BENTON COUNTY, Ark. (KNWA/KFTA) — A former Northwest Arkansas children’s shelter employee is seeking a new trial after being convicted of raping a minor resident and being sentenced to life in prison.

Hunter De La Garza, 24, was found guilty on January 20. On February 23, his attorney filed a motion seeking a new trial pursuant to Arkansas rules of criminal procedure.

Attorney Ben Catterlin wrote that the testimony of a witness introduced by the prosecution was “improper and reversible,” and he noted that the defense objected to it at the time. He addressed the witness’s expected testimony and said that an incident she referenced and the crime De La Garza was accused of had no common denominator to tie him to “proof of motive, opportunity, intent, preparation, plan, knowledge, identity or absence of mistake or accident.”

The motion cited case law stating that a defendant’s prior bad act must be “independently relevant” to the crime in question to be admissible at trial. It adds that the witness did not qualify under rule 404(b) and should not have been allowed to testify.

“The testimony she proffered would purely be propensity evidence meant to inflame the jury against the Defendant,” the filing added.

The motion continued by explaining that testimony by the witness was “improper” because it revealed another alleged rape by De La Garza when there was no other evidence of that in the record. It called the prosecution’s reference to that in front of the jury “highly improper and prejudicial.”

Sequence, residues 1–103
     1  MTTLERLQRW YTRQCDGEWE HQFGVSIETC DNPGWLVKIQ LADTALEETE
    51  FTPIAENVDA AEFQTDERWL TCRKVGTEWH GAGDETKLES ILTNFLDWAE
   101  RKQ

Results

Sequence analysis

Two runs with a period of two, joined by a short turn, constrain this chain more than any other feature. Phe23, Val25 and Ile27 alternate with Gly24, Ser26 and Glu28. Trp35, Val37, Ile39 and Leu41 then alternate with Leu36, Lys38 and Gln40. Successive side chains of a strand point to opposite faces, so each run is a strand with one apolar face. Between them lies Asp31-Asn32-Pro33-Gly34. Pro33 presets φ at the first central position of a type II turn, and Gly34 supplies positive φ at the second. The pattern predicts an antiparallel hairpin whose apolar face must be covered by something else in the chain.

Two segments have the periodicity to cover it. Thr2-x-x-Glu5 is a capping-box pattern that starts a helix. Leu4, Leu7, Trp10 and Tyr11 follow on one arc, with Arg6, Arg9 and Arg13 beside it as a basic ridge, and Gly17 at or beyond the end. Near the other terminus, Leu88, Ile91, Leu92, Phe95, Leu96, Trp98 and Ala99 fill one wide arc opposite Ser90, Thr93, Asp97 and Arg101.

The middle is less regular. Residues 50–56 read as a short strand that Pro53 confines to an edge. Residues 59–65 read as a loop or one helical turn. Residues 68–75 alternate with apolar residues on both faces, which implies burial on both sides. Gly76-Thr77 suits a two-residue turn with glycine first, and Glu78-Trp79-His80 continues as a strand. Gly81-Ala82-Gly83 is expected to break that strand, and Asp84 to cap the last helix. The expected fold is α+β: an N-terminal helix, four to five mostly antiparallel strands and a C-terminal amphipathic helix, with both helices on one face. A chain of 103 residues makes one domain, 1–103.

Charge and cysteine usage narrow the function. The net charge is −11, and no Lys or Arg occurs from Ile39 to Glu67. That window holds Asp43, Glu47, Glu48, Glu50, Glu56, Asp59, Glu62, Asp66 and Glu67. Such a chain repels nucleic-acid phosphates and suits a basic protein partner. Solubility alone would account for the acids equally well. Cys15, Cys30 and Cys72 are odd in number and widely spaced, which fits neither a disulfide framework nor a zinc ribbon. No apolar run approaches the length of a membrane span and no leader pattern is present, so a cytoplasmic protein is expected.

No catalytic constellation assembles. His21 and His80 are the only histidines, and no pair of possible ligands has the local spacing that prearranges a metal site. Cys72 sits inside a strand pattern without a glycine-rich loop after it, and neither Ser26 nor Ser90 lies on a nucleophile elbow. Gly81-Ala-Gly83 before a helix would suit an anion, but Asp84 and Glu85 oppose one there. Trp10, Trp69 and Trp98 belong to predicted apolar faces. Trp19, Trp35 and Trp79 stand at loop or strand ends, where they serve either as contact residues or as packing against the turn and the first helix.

It adds that at the time of trial, no charges were being investigated regarding the additional incident the witness mentioned.

“All lines of these questions are improper and cannot be allowed to be used during the course of a trial. In making this statement the Prosecution is saying that the Victim’s statement is infallible and hence beyond questioning, which is improper and further used to inflame the jury.”

Arkansas v. De La Garza, defense motion for a new trial, February 23

It quoted the prosecution as telling the jury “yes, you are also here to determine what happened to [the witness],” and it called that “an incorrect statement of law” because it “imputes guilt on the defendant.” It also said that two prosecution statements made during closing arguments “shifted the burden to the Defense, which is improper and reversible.”

The motion continued by citing another case in Arkansas which found that “it is necessary to award a new trial when counsel’s overzealousness in arguing to the jury matters of fact are not supported by the proof.” It also noted that the court had repeatedly said that closing arguments “must be confined to questions in issue, the evidence introduced during trial, and all reasonable inferences and deductions which can be drawn therefrom.”

It went on to address statements the prosecution made about the defendant’s attorney, saying that it made “several attacks” against him during its closing, using a reference to his physical stature as a “purely derogatory attack” to “inflame the jury about the cross-examination of the victim.”

It specifically took issue with the following prosecution statement: “And just because his lawyer knows better ways to rape a kid than he does doesn’t mean that he’s innocent.” The filing cited a U.S. Supreme Court decision that stated “it is improper for counsel to make derogatory, personal remarks about opposing counsel. Ad Hominem comments have no place in our courts.”

The filing included an attached transcript of the state’s closing argument.